I was under the impression that it should be hard for an add-in to crash Revit.
Therefore, it was a surprise yesterday to receive an add-in displaying a form and instructions to reliably cause Revit to terminate unexpectedly with just two or three clicks.
The reason is simple, however, as we shall see below, and underlines once again how hard it is to properly implement and handle any modeless activity within a Revit add-in.
Important aspects were discussed in the recommendation to avoid Idling and numerous other places.
Yesterday, an experienced Revit add-in developer provided this sample add-in causing an unrecoverable error using read-only transaction mode and making no database access at all.
It does however display a modeless form like this:
An unrecoverable error in Revit can be triggered by simply:
Running it outside the Visual Studio debugger causes an unrecoverable error:
If Revit is running within the Visual Studio debugger, the following detailed reason for the crash is listed (copy and paste somewhere or view source to see truncated lines in full:
System.InvalidOperationException was unhandled HResult=-2146233079 Message='System.Windows.Documents.Hyperlink' is not a Visual or Visual3D. Source=PresentationCore StackTrace: at MS.Internal.Media.VisualTreeUtils.AsVisual(DependencyObject element, Visual& visual, Visual3D& visual3D) at System.Windows.Media.VisualTreeHelper.GetParent(DependencyObject reference) at System.Windows.Controls.TreeViewItem.AllowHandleKeyEvent(FocusNavigationDirection direction) at System.Windows.Controls.TreeViewItem.HandleUpDownKey(Boolean up, KeyEventArgs e) at System.Windows.Controls.TreeViewItem.OnKeyDown(KeyEventArgs e) at System.Windows.RoutedEventArgs.InvokeHandler(Delegate handler, Object target) . . . at System.Windows.Threading.Dispatcher.LegacyInvokeImpl(DispatcherPriority priority, TimeSpan timeout, Delegate method, Object args, Int32 numArgs) at MS.Win32.HwndSubclass.SubclassWndProc(IntPtr hwnd, Int32 msg, IntPtr wParam, IntPtr lParam) InnerException:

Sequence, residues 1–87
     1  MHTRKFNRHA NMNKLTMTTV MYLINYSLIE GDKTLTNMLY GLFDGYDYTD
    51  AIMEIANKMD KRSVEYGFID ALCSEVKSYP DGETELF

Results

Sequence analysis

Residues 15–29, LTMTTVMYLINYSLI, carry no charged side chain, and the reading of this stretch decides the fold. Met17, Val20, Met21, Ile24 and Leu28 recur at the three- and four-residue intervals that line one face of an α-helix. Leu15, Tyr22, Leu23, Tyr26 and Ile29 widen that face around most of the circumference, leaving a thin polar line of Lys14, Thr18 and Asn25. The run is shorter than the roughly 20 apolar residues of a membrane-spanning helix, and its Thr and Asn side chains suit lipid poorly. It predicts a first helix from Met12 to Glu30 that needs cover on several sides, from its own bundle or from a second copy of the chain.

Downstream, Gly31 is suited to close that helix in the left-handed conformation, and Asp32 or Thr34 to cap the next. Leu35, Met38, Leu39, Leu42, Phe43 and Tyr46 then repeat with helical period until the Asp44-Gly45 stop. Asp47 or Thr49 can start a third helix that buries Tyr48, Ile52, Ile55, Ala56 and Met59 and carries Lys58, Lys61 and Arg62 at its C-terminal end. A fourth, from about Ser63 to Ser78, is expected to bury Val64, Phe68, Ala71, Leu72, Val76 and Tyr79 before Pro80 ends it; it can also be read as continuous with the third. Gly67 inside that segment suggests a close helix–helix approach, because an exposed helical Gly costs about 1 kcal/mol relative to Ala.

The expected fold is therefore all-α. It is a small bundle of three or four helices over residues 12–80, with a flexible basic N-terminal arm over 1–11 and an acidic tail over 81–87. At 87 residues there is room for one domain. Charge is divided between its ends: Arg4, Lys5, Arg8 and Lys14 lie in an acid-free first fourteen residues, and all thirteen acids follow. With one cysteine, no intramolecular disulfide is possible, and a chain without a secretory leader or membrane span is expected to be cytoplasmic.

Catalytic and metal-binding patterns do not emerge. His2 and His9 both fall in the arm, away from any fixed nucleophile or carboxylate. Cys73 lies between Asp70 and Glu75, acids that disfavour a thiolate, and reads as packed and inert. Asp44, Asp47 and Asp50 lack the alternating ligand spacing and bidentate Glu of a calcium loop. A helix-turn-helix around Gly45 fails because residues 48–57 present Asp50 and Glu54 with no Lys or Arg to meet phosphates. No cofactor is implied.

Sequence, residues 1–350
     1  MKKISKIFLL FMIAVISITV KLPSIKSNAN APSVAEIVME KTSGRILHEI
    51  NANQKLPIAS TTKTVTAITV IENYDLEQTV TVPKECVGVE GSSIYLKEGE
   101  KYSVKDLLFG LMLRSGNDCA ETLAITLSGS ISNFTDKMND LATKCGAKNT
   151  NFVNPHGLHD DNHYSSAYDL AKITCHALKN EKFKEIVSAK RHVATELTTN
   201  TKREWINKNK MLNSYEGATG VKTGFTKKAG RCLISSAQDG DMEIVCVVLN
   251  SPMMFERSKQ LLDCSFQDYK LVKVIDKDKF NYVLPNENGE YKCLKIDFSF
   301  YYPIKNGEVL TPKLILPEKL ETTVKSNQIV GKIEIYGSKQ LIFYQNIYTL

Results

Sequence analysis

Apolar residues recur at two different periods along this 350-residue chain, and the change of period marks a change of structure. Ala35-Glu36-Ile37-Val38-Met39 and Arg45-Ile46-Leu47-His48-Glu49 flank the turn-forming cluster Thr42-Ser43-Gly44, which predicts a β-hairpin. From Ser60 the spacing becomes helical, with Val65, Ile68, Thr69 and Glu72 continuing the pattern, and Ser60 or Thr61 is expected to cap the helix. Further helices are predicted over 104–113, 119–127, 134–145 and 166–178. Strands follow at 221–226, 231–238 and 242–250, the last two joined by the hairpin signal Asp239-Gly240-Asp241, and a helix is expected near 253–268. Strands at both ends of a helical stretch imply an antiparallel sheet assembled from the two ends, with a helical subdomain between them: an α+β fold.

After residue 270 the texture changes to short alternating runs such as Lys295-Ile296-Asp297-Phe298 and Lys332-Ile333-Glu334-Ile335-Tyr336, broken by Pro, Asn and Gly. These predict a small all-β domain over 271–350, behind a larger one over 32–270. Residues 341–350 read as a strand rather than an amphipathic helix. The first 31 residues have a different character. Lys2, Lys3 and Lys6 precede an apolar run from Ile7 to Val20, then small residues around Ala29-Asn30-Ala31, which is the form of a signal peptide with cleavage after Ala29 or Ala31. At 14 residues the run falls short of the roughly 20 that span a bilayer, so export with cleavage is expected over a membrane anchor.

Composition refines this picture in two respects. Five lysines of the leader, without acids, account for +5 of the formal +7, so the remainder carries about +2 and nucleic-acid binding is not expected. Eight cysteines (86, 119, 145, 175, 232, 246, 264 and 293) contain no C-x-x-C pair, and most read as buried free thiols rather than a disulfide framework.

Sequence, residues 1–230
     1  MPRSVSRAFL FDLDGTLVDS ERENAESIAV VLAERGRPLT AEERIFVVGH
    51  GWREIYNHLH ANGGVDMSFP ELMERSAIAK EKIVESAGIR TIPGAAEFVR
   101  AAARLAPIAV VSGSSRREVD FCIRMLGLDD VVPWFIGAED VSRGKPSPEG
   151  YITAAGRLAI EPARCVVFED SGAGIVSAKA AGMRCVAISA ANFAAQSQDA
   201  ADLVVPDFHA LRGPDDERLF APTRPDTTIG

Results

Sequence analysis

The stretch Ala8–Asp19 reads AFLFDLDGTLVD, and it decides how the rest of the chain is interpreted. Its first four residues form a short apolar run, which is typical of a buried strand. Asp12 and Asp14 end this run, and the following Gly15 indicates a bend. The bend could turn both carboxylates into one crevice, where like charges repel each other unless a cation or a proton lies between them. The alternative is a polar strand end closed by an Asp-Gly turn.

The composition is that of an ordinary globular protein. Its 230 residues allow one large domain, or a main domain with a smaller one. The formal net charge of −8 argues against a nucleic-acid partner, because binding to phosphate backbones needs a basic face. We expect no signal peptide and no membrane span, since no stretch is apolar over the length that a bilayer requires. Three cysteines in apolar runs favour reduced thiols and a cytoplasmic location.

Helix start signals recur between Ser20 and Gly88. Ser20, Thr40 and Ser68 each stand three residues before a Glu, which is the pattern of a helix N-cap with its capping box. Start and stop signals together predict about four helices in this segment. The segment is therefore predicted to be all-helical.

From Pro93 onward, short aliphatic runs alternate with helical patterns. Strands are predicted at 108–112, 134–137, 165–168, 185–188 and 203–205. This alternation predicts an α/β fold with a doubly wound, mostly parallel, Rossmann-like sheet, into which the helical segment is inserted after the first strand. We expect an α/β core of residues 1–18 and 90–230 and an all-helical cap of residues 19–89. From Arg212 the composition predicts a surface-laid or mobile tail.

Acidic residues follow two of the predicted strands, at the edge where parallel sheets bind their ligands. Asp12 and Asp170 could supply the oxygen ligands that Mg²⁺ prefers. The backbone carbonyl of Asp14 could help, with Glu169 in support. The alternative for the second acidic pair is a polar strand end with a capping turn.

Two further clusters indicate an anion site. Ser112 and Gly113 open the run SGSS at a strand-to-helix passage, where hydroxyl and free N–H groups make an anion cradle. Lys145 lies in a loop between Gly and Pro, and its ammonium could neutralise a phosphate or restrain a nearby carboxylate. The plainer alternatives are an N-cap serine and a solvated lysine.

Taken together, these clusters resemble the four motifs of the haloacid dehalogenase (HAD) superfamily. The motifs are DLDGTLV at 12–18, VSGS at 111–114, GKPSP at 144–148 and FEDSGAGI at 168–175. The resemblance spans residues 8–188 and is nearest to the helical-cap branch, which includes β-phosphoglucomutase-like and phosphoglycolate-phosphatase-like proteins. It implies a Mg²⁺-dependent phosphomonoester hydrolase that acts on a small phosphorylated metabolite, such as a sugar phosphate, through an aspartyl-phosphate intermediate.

I initially assumed that the Revit API framework should have prevented this error from causing any issues with the main Revit process and reported the issue to the development team, who provided some very illuminating clarification:
This add-in is running inside Revit's process space and did not handle an exception, so Revit's own built-in uncaught exception handler took over. This seems to be working as best as it can – the uncaught exception will eventually unwind to end the process anyway.
Add-ins should manage their own exceptions to provide a more user-friendly response and avoid this situation.
Of course, Revit does protect itself from badly behaved add-ins.
It can only do so when it has any knowledge of them, though, for example when the add-in is called via events, commands, or interfaces. In all those cases the exception is caught and swallowed, with the possibility of disabling some part of the add-in and/or notifying the user.
However, if an add-in launches its own thread and does illegal things outside of Revit's knowledge, there's nothing we can do to stop it.
Furthermore, Revit does indeed protect the user in that any modified document in this scenario causes a prompt to save it. When retesting the steps listed above inside a modified project document, not running within the debugger, Revit's built-in unrecoverable error handler politely prompts me to save my changes:
So, to summarise, please make sure you handle any exceptions that your add-in might cause.
Revit does a very good job of encapsulating the add-in functionality.
Within every valid Revit API context, any exceptions you cause are caught and reported by Revit without affecting the main thread. Still, you should probably handle them yourself to provide a more graceful report to the user.
Outside of the Revit API context, your exceptions cannot be treated any different from any other completely unexpected situation and will cause the Revit error handler to be triggered as explained above, which will presumably seriously irritate your users.